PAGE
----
In the article Three Things to Know to Hold Wells Fargo Accountable the author Lynn Parramore (Senior Research Analyst at Institute of New Economic Thinking) relays what William Lazonick (Professor of Economics, University of Massachusetts Lowell) identified as the three things we need to know: 1) American businesses have become stock manipulation machines; 2) focusing on short-term stock prices leads to corruption; and 3) punishment means little until executive pay is understood. The first essentially speaks to the profit maximizing intent of business and its executives and the second to the importance of it happening now if not sooner while the third is that the entire scheme is ultimately profitable because of the enormous size of the gains. So now that we know these things, what are we to do about it?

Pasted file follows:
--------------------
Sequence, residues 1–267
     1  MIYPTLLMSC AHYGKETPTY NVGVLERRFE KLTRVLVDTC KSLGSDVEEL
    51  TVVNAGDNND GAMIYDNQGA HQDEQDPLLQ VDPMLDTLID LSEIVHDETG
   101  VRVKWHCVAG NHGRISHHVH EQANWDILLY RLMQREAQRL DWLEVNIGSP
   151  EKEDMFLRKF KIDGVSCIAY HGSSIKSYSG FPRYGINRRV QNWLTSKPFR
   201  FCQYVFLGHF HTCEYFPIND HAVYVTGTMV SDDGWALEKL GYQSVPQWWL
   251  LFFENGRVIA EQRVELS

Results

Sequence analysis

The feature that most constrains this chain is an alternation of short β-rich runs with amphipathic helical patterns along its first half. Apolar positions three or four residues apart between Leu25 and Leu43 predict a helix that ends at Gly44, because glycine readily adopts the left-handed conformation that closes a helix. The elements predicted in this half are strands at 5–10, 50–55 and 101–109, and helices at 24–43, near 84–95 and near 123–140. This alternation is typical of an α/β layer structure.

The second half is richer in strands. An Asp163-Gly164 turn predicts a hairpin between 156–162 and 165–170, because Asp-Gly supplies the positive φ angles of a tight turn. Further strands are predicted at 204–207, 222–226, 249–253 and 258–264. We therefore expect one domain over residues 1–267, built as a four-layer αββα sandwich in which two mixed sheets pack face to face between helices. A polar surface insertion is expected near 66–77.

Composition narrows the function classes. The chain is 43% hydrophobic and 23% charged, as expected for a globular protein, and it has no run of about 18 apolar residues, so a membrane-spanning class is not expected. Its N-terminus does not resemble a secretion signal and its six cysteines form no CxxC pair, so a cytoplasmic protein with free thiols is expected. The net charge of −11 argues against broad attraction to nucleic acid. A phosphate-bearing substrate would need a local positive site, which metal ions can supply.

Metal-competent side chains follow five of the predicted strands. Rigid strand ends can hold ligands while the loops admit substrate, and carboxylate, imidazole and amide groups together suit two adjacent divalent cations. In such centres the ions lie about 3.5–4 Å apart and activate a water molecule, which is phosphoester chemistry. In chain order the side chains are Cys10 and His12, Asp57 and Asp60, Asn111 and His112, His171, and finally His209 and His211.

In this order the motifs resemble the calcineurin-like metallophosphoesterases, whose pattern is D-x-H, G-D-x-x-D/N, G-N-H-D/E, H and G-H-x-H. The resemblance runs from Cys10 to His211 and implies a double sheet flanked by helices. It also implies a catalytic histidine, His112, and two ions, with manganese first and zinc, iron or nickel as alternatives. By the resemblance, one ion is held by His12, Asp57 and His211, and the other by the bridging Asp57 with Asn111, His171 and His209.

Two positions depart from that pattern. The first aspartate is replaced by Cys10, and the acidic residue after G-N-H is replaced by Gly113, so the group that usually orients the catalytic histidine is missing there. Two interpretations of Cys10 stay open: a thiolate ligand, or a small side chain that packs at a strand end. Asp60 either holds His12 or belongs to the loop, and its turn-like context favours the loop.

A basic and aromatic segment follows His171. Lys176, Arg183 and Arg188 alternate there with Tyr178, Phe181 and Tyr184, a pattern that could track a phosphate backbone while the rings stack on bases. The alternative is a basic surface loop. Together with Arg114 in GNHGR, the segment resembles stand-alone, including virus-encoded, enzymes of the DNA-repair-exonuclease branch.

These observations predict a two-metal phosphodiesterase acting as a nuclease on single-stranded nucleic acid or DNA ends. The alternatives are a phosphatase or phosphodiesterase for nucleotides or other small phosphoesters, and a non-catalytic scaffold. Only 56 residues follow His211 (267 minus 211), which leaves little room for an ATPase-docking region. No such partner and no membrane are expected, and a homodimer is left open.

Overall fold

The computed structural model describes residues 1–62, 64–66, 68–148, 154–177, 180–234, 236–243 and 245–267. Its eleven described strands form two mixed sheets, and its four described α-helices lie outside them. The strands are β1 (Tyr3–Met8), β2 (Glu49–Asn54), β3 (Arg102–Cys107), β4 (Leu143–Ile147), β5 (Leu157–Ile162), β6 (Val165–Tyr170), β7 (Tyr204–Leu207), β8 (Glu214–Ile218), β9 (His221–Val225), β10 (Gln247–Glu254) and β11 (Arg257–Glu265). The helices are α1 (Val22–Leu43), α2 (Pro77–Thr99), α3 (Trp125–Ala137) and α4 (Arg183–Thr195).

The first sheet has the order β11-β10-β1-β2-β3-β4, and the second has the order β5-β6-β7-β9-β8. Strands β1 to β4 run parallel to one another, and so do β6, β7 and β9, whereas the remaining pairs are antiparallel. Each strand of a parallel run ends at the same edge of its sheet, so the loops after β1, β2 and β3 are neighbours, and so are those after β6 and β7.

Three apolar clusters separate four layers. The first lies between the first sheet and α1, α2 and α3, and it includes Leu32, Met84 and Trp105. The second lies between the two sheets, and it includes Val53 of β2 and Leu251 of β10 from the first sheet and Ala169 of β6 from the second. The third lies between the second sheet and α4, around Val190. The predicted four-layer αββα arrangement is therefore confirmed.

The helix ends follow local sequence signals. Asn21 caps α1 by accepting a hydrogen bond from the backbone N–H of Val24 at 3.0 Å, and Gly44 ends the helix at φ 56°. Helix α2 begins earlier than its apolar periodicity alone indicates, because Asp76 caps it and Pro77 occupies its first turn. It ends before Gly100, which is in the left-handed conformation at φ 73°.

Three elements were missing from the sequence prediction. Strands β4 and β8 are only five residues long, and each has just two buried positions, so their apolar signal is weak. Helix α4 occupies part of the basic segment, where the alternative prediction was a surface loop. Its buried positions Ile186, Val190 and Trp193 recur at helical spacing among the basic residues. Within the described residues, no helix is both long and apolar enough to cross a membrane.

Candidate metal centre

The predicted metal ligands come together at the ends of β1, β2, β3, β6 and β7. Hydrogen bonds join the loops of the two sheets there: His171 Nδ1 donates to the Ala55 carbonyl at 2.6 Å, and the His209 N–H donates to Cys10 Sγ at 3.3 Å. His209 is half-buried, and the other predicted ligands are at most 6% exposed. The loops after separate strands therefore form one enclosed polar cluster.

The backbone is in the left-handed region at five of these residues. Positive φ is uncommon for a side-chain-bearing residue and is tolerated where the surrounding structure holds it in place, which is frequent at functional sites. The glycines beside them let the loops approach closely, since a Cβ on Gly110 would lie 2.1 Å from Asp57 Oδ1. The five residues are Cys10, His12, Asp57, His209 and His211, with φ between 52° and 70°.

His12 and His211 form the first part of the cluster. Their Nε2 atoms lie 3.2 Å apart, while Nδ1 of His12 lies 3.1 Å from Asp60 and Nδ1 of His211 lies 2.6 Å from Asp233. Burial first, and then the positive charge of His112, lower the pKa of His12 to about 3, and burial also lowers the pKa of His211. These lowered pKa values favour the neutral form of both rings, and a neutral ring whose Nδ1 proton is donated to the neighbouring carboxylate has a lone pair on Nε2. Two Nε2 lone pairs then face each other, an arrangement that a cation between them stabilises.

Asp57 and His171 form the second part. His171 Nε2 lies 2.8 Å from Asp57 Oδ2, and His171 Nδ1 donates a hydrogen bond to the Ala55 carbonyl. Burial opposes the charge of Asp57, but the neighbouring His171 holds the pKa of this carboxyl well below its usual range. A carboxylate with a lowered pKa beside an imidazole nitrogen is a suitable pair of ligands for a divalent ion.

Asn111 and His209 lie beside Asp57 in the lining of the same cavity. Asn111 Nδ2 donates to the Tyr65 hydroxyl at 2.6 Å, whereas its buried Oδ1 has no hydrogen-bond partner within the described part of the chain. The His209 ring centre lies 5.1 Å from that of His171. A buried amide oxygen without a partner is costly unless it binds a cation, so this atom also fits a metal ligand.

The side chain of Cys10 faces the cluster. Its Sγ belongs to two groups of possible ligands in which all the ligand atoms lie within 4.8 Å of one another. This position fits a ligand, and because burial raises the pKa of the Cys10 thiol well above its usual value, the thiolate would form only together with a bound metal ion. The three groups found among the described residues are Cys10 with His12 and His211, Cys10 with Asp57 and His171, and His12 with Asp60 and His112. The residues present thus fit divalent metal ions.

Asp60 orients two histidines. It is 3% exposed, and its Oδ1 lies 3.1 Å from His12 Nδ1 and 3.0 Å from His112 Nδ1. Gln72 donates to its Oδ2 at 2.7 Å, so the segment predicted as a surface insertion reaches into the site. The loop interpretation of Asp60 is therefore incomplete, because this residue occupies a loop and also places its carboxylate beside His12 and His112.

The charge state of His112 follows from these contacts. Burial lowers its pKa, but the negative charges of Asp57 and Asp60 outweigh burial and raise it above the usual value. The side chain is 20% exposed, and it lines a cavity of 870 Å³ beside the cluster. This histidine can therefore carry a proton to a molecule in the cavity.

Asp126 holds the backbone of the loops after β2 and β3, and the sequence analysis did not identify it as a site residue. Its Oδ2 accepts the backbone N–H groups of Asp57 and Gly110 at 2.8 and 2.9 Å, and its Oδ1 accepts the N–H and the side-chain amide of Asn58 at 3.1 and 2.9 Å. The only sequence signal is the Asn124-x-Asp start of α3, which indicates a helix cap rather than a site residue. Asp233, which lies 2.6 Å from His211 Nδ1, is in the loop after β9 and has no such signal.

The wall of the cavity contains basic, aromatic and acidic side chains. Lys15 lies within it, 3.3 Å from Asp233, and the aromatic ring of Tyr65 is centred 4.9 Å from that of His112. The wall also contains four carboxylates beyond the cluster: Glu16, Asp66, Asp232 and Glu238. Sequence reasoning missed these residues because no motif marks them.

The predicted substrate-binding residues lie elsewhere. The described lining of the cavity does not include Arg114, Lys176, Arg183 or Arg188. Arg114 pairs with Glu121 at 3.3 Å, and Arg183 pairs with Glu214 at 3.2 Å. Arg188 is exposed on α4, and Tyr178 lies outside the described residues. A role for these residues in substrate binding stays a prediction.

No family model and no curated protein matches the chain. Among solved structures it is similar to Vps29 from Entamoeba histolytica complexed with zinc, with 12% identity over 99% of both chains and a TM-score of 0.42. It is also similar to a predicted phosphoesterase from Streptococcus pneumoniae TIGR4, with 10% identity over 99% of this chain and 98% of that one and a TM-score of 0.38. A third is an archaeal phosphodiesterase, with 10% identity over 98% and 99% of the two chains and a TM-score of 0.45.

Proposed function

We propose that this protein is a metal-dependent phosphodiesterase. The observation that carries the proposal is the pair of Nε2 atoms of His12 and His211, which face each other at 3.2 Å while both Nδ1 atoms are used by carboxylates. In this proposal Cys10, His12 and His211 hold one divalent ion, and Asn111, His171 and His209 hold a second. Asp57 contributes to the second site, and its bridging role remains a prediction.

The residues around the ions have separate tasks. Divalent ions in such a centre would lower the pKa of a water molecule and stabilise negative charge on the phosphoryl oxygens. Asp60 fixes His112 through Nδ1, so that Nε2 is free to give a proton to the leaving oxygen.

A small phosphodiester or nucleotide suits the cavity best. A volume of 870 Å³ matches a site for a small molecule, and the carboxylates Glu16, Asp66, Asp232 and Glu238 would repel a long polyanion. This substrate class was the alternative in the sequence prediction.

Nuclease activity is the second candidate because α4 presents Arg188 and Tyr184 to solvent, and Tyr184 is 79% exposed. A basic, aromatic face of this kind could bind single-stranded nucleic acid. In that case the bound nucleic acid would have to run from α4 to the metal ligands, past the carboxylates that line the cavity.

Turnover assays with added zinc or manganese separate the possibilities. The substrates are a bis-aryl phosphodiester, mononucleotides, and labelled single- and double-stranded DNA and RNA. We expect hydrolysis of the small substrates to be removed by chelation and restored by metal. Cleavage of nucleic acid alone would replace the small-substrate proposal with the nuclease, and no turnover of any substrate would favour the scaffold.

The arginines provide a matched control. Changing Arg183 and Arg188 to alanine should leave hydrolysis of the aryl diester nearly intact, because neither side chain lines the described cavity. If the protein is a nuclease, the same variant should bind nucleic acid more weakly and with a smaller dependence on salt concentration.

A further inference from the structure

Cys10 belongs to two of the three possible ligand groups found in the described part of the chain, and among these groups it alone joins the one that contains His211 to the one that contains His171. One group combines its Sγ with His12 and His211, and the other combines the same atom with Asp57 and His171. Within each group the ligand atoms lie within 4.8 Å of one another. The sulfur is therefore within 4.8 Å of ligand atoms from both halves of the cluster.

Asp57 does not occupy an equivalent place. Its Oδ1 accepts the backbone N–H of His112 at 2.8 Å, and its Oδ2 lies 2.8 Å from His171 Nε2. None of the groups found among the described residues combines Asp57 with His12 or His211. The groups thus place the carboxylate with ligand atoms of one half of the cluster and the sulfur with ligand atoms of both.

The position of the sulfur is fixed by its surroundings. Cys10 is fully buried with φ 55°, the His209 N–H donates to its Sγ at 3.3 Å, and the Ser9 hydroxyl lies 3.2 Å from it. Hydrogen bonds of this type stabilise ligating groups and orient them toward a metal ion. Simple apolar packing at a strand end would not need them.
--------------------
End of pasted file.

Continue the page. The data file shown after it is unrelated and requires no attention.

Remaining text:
Misplacing The Cause
The cause of Wells Fargo’s actions, according to Lazonick, as reported by Parramore is “before 1982, the Securities and Exchange Commission (SEC) considered stock buybacks to be a potentially unlawful form of stock price manipulation. But that year, under the sway of Reagan-era enthusiasm for unfettered markets, the SEC loosened its rules. This change, plus a shift toward stock-based compensation for top executives, has exacerbated economic inequality by pushing pay at the top into the stratosphere while shortchanging workers.” Consequently, the fix is to change the law back to what it was pre-1982, making this current practice illegal.